For a skirt the tip of the triangle is nipped off, resulting in a sort of long trapezoid. This eliminates excess fabric at the waist while still providing fullness at the hem. Just a bit trickier than a basic gathered skirt, gored skirts are a good choice when the fabric you wish to use is too bulky to gather easily (or flatteringly) at the waist. (Note: If the skirt is for a growing girl, I recommend using the easy gathered skirt instead. If she really must have a gored skirt and you wish to add more length and let it down as she grows, add the necessary length but be aware it will take a bit more work to hem.)
Gored skirts may also use less fabric to produce the same hem circumference, nice if you've chosen a more pricey piece of material. Once you have the desired finished length, add an inch and a half for the top casing and about 3/4 to one inch for the hem. Bottom panel width and doubling it. Press seams open. Draft A Skirt With Godets. If you want to make a 6 panel skirt with godets but do not have a pattern, you can use your straight skirt pattern to make a new pattern.
For example I drafted a straight skirt with a side zipper. This skirt pattern example is 70 cm ( 27,5 inches) long and I want to add godets with a length of 35 cm ( about 14 inches) and a hem wide of 20 cm ( 8 inches). You should trace your straight skirt pattern and divide the skirt front and back pattern by 3, marking a line 1/3 the width away from the center front and center back panels on your pattern (see the drawing below). Mark the desired godet length on the panels and side seams. Move the waist darts towards the panel seams. Mark on the pattern: center front on fold, center back on fold, side front part and back side part . The new panel skirt pattern looks like this example, The new panel skirt pattern parts, Drafting a godet is easy. Start with a vertical line which indicates the length of the godet.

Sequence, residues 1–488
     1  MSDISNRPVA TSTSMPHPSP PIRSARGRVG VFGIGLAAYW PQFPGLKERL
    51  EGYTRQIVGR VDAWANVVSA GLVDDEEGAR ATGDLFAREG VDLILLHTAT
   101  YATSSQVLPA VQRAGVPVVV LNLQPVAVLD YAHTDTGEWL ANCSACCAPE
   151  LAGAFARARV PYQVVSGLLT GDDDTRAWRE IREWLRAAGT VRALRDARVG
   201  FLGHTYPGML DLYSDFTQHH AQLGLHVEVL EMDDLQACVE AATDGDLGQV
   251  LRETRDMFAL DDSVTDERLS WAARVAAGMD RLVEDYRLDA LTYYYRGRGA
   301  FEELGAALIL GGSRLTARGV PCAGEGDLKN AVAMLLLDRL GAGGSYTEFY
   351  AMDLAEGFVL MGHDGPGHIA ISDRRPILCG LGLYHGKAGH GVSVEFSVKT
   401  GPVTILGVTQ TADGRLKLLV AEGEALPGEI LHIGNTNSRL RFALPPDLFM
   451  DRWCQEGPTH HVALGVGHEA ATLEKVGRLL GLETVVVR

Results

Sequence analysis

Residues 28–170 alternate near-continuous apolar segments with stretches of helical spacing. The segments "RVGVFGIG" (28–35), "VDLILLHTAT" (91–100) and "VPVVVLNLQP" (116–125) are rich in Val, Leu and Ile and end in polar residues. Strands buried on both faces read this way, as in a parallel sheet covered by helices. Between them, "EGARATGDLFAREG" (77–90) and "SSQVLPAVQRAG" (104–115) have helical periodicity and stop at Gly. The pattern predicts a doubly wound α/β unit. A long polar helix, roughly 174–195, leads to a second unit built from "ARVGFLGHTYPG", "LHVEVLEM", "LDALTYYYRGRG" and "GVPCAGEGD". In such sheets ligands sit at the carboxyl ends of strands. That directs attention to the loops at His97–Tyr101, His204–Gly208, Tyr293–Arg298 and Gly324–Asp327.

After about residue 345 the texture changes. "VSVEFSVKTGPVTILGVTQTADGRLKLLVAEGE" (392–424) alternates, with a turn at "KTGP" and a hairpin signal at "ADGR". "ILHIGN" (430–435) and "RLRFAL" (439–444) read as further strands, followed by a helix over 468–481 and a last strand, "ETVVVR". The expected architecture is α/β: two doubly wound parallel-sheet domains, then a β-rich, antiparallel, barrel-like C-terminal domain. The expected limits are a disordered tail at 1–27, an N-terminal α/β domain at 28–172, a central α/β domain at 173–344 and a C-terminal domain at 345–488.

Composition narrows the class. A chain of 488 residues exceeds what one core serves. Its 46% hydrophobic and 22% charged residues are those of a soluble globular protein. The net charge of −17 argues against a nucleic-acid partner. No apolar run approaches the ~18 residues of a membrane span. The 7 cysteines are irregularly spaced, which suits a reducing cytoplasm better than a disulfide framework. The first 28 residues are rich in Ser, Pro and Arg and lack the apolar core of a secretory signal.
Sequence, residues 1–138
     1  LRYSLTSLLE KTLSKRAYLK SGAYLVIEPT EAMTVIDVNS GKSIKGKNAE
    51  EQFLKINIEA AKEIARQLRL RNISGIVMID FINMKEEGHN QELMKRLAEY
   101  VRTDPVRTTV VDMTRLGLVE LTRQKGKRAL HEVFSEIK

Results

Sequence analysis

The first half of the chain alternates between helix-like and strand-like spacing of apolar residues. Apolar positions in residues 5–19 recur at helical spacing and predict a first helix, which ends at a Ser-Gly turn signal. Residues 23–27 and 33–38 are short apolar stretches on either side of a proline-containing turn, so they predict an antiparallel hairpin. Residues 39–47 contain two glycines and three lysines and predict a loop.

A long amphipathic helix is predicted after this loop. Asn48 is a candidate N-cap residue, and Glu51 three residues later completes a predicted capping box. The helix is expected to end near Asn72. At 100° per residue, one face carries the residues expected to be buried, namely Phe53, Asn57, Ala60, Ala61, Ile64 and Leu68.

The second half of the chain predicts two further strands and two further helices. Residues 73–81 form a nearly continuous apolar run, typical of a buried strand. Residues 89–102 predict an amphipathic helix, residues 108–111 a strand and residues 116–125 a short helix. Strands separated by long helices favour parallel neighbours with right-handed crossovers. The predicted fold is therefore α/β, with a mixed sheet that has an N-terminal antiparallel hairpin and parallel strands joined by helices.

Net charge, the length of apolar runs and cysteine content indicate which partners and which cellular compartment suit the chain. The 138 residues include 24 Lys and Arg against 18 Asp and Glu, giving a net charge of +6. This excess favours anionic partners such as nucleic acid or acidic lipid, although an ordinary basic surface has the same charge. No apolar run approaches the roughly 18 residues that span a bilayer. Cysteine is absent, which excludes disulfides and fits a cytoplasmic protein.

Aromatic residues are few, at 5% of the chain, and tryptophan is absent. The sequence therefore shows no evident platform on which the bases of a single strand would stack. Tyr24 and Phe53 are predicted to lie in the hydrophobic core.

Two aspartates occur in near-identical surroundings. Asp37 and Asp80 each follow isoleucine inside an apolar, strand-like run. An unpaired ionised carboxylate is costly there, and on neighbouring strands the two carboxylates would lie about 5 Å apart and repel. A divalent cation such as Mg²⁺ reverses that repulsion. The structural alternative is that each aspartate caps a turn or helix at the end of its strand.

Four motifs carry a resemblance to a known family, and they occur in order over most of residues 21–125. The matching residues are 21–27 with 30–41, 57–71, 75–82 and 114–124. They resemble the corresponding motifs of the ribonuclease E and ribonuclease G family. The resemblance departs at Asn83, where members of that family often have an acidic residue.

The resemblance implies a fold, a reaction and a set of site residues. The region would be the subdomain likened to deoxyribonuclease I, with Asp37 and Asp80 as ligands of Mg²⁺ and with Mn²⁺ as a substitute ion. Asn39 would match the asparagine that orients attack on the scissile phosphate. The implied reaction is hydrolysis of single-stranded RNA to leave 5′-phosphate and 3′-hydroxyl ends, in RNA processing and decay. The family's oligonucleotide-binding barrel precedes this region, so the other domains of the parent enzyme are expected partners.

Super Easy Paper Bag Waist Skirt Tutorial. Yesterday I posted a tutorial for how to make what I think of as the classic paper bag skirt—pleats, belt, beltloops.
Today, I want to show you the easier option, for those of you who don't want to mess with zippers and pleats. The Miranda Skirt Pattern. Here's how to make the pattern for a skirt with soft pleats on a waistband like my Miranda Skirt: The pattern pieces are simply rectangles, so with a few measurements you can chalk it directly onto the cloth, but you can make a paper pattern first if you prefer. It is worth doing a quick calculation to make sure your fabric is wide enough first, I needed fabric about 100cm wide for mine. Let's start with the waistband: Waistband length = waist circumference + 1cm ease + 3cm underlap + 2cm seam allowances. Eg if my waist is 73cm, my waistband length = 79cm Waistband width = finished width x 2 + 2cm seam allowances. Now for the skirt - the front and back pieces are exactly the same.Skirt length = 1cm seam allowance + finished length + hem allowance. With 18.5cm, I have enough space to include 3 pleats of 5cm (15cm total) with 3.5cm remaining.
Once the seam allowance is added, you can square down to the hem, and you're done! Make A Wrap Skirt To Fit Any Size: 9 Steps (With Pics) Edit Article. Wrap Skirt Praise and Yardage Info. First, I have to thank Bethany for the excellent wrap skirt tutorials–pattern drafting and construction. I whipped it up the other night, with great results. I love it and got oodles of compliments on it.
Ten reasons you should try this: Custom fit the way you like it. Fit it to your hips or your waist, make it long or short.2 skirts in one! Now, after speaking to Bethany, we changed the fabric recommendations. Determine your bottom skirt width. For an example, I’m about 5’7″ and a size 14. So, to figure out the yardage, I use the width#.